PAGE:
Officer Hugh Wilton, Philadelphia Police Dept.: Busted him in the McDonald’s on 29th and Gray’s Ferry. He was signing autographs. Jones resisted, struggled in the cuffs shouting “Ain’t that a bitch! Yah yah!” to his fans. The ride downtown was, to say the least, amusing. I couldn’t help but be simultaneously endeared and annoyed by his lunatic charm. Conversation was patchy in parts, but everything he said always had me hooked. After we put him away, I went out and bought Return to the 36 Chambers. I think that cleared things up pretty well.
Raekwon – Only Built 4 Cuban Linx… (1995)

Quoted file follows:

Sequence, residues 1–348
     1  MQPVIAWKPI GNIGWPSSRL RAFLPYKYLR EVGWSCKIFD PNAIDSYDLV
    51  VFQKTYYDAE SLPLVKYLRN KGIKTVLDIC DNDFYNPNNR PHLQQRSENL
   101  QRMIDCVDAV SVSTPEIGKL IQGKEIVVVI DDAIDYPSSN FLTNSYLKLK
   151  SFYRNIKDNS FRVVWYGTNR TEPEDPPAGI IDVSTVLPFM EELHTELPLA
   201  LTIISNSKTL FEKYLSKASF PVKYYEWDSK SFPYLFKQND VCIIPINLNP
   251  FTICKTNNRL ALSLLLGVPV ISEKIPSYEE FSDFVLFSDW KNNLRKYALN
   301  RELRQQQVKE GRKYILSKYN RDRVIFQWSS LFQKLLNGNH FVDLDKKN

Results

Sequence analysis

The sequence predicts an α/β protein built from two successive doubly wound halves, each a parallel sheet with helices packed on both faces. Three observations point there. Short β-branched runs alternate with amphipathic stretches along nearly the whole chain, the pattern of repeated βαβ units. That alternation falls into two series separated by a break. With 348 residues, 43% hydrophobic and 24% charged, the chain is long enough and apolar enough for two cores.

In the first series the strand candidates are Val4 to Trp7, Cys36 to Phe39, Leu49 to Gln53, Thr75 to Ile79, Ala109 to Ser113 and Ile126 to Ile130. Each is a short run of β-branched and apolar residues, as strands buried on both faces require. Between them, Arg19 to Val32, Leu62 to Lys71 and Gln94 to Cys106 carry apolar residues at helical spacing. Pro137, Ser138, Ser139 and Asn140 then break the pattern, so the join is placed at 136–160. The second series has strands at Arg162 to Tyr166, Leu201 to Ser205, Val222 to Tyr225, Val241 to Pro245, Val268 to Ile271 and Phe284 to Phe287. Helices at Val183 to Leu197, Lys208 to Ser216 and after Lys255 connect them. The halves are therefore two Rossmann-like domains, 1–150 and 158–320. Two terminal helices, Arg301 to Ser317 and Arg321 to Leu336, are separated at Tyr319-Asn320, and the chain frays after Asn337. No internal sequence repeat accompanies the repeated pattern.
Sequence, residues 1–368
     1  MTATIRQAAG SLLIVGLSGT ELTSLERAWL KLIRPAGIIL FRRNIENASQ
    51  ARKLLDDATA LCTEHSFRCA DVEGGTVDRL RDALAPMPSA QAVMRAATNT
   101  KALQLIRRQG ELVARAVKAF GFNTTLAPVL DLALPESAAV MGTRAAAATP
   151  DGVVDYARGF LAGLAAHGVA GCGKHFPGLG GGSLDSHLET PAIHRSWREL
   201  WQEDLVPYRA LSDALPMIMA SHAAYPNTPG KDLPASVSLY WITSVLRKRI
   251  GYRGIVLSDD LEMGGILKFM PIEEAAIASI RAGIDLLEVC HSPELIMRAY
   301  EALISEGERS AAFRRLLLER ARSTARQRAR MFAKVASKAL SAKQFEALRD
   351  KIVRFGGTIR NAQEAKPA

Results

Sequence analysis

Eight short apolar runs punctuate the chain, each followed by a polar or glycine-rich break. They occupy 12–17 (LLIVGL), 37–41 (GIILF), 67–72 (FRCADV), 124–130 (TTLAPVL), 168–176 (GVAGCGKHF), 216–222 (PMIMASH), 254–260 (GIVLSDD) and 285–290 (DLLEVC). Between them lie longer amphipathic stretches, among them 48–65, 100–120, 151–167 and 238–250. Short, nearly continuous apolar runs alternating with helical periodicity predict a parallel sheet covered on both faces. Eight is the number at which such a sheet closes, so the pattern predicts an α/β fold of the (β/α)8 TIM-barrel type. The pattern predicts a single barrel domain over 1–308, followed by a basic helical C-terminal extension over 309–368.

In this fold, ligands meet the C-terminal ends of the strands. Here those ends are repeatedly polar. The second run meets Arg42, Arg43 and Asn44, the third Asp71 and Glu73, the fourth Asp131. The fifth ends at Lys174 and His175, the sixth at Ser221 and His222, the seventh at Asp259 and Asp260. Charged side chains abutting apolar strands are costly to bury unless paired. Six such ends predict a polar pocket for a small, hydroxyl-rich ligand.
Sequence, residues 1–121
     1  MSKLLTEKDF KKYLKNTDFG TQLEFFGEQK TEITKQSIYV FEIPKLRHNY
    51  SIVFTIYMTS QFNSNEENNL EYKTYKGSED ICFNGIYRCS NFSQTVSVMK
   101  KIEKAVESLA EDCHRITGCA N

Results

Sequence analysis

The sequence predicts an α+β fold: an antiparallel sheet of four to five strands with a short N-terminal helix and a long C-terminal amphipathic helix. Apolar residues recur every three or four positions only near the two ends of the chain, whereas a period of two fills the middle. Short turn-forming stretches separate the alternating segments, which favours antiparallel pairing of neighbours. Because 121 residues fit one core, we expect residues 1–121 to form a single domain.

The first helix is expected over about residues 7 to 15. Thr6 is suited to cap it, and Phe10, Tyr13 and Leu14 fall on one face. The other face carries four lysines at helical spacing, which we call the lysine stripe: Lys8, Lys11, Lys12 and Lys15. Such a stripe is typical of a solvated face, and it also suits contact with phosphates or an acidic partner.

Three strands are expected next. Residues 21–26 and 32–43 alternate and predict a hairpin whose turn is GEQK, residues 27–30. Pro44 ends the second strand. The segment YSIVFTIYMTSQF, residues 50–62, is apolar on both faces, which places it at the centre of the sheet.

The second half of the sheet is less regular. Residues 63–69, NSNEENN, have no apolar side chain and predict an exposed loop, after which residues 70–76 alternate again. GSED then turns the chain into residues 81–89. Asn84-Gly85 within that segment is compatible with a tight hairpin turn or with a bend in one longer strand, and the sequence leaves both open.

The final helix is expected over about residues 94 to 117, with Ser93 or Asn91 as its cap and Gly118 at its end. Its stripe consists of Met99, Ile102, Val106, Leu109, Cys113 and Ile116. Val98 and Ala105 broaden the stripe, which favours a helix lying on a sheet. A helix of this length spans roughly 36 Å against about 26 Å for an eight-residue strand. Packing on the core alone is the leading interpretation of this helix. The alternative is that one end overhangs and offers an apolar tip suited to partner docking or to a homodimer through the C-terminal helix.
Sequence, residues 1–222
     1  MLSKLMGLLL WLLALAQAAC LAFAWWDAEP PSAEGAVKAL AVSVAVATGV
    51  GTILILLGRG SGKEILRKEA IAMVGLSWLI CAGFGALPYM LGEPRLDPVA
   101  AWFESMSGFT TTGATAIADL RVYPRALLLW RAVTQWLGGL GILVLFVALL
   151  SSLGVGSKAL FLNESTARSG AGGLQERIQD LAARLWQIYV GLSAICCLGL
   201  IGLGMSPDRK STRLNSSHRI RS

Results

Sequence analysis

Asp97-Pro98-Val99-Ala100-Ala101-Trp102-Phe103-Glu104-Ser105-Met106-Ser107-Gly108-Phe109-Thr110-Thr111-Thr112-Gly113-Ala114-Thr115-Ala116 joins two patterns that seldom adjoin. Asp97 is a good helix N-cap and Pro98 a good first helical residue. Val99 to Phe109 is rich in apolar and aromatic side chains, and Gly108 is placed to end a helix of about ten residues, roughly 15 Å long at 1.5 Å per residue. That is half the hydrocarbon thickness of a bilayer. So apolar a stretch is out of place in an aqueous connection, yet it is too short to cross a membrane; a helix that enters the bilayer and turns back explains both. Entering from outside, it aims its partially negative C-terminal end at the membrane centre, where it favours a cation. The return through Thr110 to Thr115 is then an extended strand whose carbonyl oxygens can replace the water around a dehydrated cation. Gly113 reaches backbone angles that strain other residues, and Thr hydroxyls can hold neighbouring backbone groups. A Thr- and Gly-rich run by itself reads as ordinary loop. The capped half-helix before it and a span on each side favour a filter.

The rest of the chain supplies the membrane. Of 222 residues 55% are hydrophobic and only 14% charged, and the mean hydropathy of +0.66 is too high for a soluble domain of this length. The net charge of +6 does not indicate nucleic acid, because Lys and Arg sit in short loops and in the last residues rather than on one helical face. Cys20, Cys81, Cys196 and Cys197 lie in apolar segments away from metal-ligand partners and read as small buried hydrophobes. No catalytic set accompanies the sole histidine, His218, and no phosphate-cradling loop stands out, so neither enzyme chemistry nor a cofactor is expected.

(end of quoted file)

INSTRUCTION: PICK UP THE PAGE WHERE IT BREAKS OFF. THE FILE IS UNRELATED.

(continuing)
Raekwon the Chef isn’t a Don. Nor is he a Tony Montana, a Nicky Santoro or an Al Capone. Rae is a storyteller. On Only Built 4 Cuban Linx, he and “special guest” Ghostface Killah wear the masks of high-ranking mobsters. Through the ruse they use straightforward narrative to draw up simple but well-told tales of their imaginary toughguy crusades. That, and using ice cream to describe sexy women, resulting in my favorite line in hip-hop a la Big Meth: “Ice cold bitches melt down in my clutch/They want they titties sucked, ice cream.” The marriage between Raekwon’s more relaxed flow and P. Tone’s more aggressive delivery is a beautiful one, and the wordplay is usually up to Wu-standard–“For real from the Killa Hill, locked and caged in/We’re sworn representatives, reacting like made men/Strive for wives, nine lives and lies/Max sales and enjoy the highs.” How much you enjoy this album directly correlates with your appreciation of relentless faux-gangster imagery. I’m indifferent, unoffended. Sometimes it shines, sometimes it’s all heists and ice cream and titties. Nas’ spot in “Verbal Intercourse” is legendary, over a laid-back beat he was built to spit over. Plus, it’s always a treat to hear Blue Raspberry sing, Meth and GZA rap and Cappadonna do something that isn’t a subpar full-length.